PAGE 31

Deiwer Dolls Device. me bacK my child, and perhaps He will semi me my husband. Then I will hope for a new life. Poor John! villain though he has been he bas earned my gr11titude, for be brought me hack to life after at.tempting to kill me, and gave me up after all.' D eoper and deeper the gloom increased in the gulch, end with its oncoming increased Dora's foreboding\ for s'1e was well satisfied that Val entine lllil er would not long allow matters to remain as they were. At last, when darkness had settled down in earnest, Dora aaw a number of the pause in front of her store, as if waiting for S;>mebody, or something, 'l'he somebody proved to be Verner, for as soon as he made bis appearance, the whole crowd flocked into the store, tbe speculator in the lead. Dora stood behind the counter, a pair of revolvers drawn and cocked, ready for use. There was a defiant expression upon her face, too, which told that she would stand for her ri'bts to the bitter end. 'Wets were beard from a dis tance, to which tbe outlaws responded. "The soldiers! the s o ldiers!" exclaimed Yan kee. "They have come in the nick of time." It was true. With a determination for victory Un<'le Sam' s boys advanced, and the rein of bullets swept away the lives of the desperadoes like chaff be fore the wind. f;ome, by skillful dodging, es. caped with their liveR, l ut they were few. WbPn th!' Lattle was over-for it was of short duration-our I friends in the shanty bed just time to rseapo from what before bad promised to be a fiery tomb, and tbere was great rejoic ing in Sbining Rar among those who ga1bered to protection. __ There is little to add. The soldiers had swooped down on the Bar, guided by Reporter Jones. Among the dPad were founc! Valmtine Verner, bis daughter Isabel, Monroe Miller, and Burke, the faithless Vigilante chi e f Of the otbet chara!'ters we have dealt with, Yankee Eisler with bis wife and child is now living happily in :i5"hi!adelpbia, where also is Charles Pygmaliop Jones, vrho is still aspiring to be a newspaper man. Gerty. Denver Doll's sist.er, has married Lieu0 tenant Roberts of the army. Denver Doll, with her pard is still do ing valuable detective duty in the west. Walt ChriRtie has gone out of the detective business, and now han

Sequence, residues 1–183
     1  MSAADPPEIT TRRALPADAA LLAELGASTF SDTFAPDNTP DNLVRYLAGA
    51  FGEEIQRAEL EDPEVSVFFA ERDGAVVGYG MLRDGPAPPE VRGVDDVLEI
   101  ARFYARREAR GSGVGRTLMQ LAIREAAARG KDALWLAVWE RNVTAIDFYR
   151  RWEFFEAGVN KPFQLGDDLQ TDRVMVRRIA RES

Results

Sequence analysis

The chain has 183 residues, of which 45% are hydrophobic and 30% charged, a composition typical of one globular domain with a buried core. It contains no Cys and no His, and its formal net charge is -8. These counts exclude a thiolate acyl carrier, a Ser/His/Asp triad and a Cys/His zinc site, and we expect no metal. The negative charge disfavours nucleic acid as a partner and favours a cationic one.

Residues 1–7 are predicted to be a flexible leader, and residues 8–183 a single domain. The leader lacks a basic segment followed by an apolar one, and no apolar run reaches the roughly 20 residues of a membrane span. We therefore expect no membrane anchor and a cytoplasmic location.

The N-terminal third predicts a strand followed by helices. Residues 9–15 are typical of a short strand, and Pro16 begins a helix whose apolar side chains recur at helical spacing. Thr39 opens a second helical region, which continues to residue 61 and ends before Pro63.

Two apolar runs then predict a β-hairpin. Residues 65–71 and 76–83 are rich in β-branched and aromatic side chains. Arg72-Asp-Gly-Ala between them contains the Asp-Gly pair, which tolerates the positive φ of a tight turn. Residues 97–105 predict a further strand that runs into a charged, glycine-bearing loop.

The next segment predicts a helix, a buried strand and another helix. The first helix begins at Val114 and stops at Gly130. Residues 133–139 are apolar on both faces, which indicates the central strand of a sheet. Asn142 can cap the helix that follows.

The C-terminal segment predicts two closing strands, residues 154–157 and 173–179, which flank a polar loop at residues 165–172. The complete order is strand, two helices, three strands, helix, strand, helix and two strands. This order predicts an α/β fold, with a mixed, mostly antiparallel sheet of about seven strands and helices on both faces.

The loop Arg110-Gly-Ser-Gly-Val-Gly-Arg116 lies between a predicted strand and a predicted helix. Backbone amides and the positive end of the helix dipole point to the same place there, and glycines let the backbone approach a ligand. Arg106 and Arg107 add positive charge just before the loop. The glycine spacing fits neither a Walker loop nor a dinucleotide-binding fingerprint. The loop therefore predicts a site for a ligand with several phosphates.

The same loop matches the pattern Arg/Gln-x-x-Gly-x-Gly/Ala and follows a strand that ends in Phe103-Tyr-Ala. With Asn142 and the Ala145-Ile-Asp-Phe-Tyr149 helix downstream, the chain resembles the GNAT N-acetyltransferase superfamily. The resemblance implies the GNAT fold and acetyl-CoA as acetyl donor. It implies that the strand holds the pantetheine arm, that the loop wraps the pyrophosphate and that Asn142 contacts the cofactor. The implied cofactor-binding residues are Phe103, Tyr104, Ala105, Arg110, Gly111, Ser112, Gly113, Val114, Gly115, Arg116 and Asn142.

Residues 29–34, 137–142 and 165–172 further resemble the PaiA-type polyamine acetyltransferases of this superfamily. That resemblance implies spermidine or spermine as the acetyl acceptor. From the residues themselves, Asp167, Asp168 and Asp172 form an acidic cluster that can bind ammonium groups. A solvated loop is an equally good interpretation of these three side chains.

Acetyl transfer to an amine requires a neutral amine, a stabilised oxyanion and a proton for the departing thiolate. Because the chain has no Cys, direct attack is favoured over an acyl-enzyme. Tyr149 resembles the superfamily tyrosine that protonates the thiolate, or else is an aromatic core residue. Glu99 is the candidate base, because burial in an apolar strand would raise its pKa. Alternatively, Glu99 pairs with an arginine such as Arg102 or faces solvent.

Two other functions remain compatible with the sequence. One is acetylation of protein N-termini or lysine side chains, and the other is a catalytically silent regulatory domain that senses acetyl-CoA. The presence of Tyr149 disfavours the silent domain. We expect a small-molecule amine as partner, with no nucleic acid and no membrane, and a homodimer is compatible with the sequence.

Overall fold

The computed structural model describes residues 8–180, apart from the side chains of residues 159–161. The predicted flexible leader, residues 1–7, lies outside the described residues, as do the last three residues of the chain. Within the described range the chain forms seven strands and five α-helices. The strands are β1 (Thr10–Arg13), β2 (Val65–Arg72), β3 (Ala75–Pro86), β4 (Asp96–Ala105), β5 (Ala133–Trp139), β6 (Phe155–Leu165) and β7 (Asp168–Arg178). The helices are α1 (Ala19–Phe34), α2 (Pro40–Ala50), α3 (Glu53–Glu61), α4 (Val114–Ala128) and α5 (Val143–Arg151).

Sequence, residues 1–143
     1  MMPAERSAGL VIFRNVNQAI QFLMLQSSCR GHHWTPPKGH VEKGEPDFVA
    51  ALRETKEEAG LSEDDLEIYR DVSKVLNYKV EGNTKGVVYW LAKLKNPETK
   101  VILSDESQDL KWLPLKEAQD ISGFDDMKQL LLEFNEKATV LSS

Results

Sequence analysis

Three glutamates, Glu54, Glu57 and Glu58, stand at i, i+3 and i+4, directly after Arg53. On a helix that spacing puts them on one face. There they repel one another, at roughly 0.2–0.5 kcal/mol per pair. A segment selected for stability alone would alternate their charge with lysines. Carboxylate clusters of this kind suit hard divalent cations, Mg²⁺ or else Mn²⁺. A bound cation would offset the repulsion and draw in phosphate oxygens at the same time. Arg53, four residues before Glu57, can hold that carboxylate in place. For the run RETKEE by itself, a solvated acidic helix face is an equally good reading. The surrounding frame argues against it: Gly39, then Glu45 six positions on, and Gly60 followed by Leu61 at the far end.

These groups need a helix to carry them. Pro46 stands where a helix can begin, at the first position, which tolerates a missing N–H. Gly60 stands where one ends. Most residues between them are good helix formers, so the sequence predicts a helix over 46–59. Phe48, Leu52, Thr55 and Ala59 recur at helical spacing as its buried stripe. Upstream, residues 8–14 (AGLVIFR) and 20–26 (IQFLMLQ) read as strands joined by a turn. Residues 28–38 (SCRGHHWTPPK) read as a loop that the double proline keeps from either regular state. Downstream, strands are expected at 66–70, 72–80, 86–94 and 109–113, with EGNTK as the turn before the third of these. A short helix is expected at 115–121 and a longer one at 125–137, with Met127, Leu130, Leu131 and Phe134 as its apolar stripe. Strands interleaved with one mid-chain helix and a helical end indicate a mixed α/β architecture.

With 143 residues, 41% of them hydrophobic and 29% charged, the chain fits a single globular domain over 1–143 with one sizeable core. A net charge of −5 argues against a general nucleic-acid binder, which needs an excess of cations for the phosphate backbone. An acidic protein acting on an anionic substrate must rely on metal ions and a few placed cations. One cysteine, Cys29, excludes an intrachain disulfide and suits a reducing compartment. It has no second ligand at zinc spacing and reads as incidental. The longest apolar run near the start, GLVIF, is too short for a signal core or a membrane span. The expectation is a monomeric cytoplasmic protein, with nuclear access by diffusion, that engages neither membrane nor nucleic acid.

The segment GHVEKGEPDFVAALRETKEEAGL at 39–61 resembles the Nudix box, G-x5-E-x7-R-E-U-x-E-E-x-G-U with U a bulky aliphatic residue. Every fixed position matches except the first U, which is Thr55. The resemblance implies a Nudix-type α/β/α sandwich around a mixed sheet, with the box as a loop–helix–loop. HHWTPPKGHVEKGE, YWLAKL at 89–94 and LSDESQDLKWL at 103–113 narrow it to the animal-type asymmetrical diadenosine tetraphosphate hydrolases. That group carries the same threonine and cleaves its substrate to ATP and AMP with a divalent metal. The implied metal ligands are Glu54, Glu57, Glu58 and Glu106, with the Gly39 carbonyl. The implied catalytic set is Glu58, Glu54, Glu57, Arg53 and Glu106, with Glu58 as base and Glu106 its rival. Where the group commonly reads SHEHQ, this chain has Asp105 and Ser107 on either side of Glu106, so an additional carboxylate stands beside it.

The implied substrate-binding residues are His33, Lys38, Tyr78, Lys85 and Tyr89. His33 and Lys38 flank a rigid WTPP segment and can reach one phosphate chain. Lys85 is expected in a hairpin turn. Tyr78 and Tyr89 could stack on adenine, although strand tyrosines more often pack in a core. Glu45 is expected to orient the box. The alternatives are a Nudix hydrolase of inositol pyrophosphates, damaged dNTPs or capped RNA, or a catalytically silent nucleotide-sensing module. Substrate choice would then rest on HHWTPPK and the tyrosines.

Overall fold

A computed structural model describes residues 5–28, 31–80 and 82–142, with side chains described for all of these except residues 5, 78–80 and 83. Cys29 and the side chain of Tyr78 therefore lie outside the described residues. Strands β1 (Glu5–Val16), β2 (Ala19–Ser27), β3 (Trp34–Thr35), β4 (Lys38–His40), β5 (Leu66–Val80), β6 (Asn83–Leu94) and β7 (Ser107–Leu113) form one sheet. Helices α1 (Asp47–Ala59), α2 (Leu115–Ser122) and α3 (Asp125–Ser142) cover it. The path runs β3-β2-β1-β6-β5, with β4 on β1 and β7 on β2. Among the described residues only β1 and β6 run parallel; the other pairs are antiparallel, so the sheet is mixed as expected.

PAGE 32

Deadw00d Dick Library LATEST AND BEST. HANDSOME THI-COLORED COVERS. 32 Pages. Bay One and You Will Buy the Bestl Jl'er Sample Cover See 8l11er I ... DEADWOOD DICK LIBRARY. I Deadwood Dick, the Prince of the Road t The Double Daggers; or, Deadwood Dick's Defiance I The Buffalo Demon; or. The Border Vultures 4 Buft'alo Ben, Prince or the Pistol II Wild Ivan the Boy Claude Duval 8 Death-Face, the Detective 7 The Phantom Miner; or, Deadwood Dick's Bonanza 8 Old Avalanch.,, the Great Annihilator; or, Wild Edna, the Girl Bril?and 9 Bob Wo o lf, the Border Ruffian 10 Omaha Oil, the Masked Terror; or, Deadwood Dick in Dan1 ives 51 S i erra Sam's Sentence; or, Little Luck at Rough Ranch 52 The Girl Sport; or Jumbo Joe's Disl'.'uise 53 Denver T>oll's Delce; or, The Detective Queen 54 Denver Doil as D11tective 55 DenvPr Doll's Partner; or, Big Tiuckskin the Sport 56 D enver Doll's Mine; or, Little Bill's Big Loss 57 Dead wood DI.ck 1' rapped 58 Buck Hawk, Detective; or, The Messengertoy's Fortune 59 Deadwood Dick's Disguise; or, Wild Walt, the port 60 Dumb Di' ,g's Pard; or. Eliza Jane, the Gold Mine r 61 Desdwo'.J Dick's Mission 62 Spotter o'ritz; or, The Store-Detective's Deco7 63 The Dl'<.eCtive Road-Agent; or, The Miners o Sassa. fra, City 64 Co lor.do Charlie' s Detective Dash; or, The Catt.le lf .nga ====================================